The earliest Embrun residents populated the municipality in the year 1845. The town was named after the Embrun commune of southeastern France in 1857 by Francois Michel. The early economy of the town was dependent on lumber, because the region was densely forested, with the soils being excessively moist for quality agriculture.
However, during the 1870s, with the emergence of agricultural drainage systems and the occurrence of deforestation, agriculture substituted lumber as the primary industry of Embrun. The town progressed fast during the late nineteenth century, serving as a trend expedited by the 1898 emergence of the railway.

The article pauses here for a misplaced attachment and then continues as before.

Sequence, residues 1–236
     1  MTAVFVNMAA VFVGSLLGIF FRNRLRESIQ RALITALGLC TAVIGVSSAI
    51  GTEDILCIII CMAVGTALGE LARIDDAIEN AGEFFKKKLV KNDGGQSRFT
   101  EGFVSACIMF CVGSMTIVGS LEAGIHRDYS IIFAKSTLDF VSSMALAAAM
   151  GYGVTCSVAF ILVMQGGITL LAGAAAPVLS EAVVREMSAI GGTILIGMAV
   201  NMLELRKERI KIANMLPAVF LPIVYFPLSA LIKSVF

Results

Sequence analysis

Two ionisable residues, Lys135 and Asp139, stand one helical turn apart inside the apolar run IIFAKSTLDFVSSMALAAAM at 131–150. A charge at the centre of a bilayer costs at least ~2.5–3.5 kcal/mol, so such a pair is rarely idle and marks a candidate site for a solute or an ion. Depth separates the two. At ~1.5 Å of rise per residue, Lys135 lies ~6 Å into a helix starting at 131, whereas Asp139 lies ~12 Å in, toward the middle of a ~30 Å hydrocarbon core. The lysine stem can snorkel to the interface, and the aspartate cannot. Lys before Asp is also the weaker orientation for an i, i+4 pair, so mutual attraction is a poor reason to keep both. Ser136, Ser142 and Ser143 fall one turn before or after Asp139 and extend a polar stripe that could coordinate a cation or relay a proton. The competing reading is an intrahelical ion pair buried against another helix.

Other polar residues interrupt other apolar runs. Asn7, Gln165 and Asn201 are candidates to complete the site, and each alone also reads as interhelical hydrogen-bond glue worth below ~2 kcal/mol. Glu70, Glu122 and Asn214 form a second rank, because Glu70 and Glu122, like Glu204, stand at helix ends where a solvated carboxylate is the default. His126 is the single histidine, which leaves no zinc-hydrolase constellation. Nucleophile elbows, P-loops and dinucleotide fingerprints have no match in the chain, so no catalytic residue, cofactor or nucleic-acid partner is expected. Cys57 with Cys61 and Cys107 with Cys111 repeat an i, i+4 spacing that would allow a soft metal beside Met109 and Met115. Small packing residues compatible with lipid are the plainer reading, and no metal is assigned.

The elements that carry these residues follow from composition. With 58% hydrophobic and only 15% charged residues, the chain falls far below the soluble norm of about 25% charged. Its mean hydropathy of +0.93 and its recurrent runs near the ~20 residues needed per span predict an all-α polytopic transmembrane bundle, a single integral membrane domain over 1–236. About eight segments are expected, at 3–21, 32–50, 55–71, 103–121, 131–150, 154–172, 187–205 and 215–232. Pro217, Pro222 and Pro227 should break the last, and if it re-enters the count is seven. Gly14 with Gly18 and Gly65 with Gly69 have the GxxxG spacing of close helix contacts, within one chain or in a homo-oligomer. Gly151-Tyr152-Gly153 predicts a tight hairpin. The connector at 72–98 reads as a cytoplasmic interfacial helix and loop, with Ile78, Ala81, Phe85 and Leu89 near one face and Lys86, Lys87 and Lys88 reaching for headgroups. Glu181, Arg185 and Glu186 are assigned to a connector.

Nonetheless, the twentieth century caused direction to change. Three significant events took place and greatly injured the economy of Embrun and led to the decline of population. The Great Depression occurred in 1930 was the first and the involved recession of the agricultural industry. Rural depopulation was the second event suffered by Embrun in 1950 and 1960.
Also known as rural flight and rural exodus, rural depopulation is the peoples’ migratory patterns from the rural area to the urban area. This happened in Embrun because young residents left this town to pursue schooling and work opportunities in the urban areas. The closing of the railway network in 1957 was the third occurrence that adversely affected the economy of Embrun.